It took about three seconds for what Doni said to sink through my gotta-hurry-for-the-last-day-of-school panic. I had an excuse. The fuzzy-headed, awkward kid in front of me was not the little girl in a Minnie Mouse costume in the frame on Gram's mantle. Aunt Lenore wasn't real big on photos. She wasn't real big on writing home, either.
"You're London? My cousin? Lenore and Thad's daughter?"
My first thought was to ask where her parents were, because obviously they weren't anywhere in sight. I liked Aunt Lenore and Uncle Thad, although I had never seen them face-to-face. They called whenever they were in the States, going from one investigative assignment to another, and sent pictures maybe once every twenty months or so. Usually those were pictures someone else took. They had an aversion to cameras that weren't used for their research. They sent cool presents from places no tourist ever visited, and books by the ton. All of us learned to read at least two languages besides English so we could make use of those books.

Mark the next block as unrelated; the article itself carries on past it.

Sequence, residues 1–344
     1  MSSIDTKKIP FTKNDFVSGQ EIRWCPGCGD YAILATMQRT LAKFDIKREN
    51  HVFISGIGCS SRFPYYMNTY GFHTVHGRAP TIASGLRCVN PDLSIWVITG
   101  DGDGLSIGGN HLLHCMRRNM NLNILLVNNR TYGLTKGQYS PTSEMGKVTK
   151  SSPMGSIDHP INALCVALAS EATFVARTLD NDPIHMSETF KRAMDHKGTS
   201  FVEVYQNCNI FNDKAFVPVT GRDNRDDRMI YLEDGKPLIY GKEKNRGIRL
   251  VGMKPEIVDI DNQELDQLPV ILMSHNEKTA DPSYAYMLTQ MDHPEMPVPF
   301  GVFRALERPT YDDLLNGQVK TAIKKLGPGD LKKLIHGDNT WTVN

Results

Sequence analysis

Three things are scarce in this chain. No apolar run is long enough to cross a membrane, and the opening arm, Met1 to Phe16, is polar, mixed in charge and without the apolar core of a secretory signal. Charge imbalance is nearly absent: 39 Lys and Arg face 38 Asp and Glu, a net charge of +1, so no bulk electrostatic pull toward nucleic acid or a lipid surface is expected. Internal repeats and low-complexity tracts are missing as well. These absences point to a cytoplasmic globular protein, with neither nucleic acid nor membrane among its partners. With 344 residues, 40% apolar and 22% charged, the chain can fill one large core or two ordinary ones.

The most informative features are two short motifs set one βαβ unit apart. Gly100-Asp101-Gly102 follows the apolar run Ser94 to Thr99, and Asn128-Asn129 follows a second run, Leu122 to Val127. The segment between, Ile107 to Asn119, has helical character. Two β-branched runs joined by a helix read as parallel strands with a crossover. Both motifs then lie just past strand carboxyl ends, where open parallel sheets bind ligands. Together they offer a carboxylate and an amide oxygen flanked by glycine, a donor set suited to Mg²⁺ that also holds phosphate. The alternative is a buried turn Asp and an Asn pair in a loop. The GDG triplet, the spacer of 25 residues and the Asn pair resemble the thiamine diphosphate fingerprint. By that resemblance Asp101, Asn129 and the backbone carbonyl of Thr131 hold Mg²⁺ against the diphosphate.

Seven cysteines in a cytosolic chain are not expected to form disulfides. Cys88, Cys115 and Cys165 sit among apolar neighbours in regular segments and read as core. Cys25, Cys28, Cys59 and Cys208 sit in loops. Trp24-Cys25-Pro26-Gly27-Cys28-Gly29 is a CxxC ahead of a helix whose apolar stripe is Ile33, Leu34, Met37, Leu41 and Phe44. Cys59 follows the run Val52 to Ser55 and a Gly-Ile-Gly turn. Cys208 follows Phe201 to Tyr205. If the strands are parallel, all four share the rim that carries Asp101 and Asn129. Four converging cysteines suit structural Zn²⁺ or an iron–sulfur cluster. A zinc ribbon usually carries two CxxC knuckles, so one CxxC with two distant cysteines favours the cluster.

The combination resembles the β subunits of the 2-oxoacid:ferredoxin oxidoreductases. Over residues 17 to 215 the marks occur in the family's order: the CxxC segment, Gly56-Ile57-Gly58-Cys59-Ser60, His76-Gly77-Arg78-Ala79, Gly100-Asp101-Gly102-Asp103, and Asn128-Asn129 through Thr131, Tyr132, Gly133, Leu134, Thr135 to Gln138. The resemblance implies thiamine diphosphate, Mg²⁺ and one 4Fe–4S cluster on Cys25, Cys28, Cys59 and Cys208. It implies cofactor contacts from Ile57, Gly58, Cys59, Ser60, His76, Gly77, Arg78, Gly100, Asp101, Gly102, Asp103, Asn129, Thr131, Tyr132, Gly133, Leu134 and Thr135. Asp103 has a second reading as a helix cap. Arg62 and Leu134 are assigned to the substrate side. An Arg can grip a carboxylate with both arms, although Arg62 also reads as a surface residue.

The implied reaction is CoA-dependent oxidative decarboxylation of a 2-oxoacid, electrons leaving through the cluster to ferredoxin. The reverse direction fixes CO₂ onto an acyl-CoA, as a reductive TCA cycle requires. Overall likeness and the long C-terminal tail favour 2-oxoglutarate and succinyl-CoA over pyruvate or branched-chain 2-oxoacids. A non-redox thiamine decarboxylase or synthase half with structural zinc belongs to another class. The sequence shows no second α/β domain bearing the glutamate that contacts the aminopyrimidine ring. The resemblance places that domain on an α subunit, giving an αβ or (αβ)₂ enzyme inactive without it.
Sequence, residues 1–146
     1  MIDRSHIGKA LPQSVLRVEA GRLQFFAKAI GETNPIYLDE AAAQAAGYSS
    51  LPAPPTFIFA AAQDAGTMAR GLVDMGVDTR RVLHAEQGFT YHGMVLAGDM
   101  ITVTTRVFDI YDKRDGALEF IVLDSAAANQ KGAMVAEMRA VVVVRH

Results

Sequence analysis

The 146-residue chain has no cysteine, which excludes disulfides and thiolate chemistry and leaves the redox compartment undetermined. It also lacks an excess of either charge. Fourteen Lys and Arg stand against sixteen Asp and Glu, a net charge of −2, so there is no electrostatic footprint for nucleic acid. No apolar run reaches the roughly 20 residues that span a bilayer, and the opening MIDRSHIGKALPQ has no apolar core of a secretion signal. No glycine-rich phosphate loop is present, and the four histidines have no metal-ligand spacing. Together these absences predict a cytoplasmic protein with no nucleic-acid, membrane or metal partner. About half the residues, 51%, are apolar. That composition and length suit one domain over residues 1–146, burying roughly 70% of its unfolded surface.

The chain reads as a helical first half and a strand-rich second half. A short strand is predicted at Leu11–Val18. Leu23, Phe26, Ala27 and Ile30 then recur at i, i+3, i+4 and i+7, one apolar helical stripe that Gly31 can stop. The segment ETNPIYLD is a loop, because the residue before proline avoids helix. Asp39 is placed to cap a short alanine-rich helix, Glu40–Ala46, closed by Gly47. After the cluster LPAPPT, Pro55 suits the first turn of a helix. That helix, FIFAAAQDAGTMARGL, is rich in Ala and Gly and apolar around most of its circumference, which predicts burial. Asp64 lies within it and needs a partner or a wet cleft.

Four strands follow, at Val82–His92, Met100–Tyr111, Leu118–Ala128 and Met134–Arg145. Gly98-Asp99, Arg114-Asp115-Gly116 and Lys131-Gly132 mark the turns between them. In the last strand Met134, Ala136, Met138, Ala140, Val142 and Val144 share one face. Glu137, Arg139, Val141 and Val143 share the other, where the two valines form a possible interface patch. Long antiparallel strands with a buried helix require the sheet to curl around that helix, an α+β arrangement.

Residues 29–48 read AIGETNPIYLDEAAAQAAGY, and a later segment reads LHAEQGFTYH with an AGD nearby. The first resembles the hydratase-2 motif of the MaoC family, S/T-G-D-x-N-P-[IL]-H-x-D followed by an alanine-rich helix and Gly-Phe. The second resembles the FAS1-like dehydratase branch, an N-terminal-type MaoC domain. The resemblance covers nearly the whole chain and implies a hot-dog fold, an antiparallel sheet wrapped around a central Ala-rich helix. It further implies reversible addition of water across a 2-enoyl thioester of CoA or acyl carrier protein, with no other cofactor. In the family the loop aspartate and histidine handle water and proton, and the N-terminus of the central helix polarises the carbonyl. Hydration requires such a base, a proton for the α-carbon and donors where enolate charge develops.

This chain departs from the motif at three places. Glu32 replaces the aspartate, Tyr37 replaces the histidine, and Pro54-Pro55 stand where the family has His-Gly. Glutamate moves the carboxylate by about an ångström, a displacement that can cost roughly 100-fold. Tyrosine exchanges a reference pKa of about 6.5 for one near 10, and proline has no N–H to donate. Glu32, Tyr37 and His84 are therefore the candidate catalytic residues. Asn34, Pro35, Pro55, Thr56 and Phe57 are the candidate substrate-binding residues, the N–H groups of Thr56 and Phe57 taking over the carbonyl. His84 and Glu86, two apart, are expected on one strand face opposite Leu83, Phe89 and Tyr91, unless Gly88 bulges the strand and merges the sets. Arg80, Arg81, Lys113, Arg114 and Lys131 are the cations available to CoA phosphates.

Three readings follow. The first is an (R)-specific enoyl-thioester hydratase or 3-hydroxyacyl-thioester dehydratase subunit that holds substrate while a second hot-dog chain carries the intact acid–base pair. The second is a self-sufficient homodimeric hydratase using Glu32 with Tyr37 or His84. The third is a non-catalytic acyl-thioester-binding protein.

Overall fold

I had the sense not to ask Doni where her folks were, while my brain skidded through questions and possibilities and discarded most of them in the space of a few seconds. I'm not bragging when I say that. Gram claims I got electrocuted by a computer when I was a baby, crawling all over Granddad's desk and teething on the mouse cord. I've had an affinity for the frustrating, fascinating gizmos ever since. Part of that affinity meant my brain wanted to process a dozen different tracks at the same time, searching for information. Unlike computers, I had a tendency to get sidetracked by anything that caught my attention. Call it ADHD if you want, but I always preferred calling it the Neighborlee Effect.
(See how distracted I just got, telling you about me, when this is Doni's story?)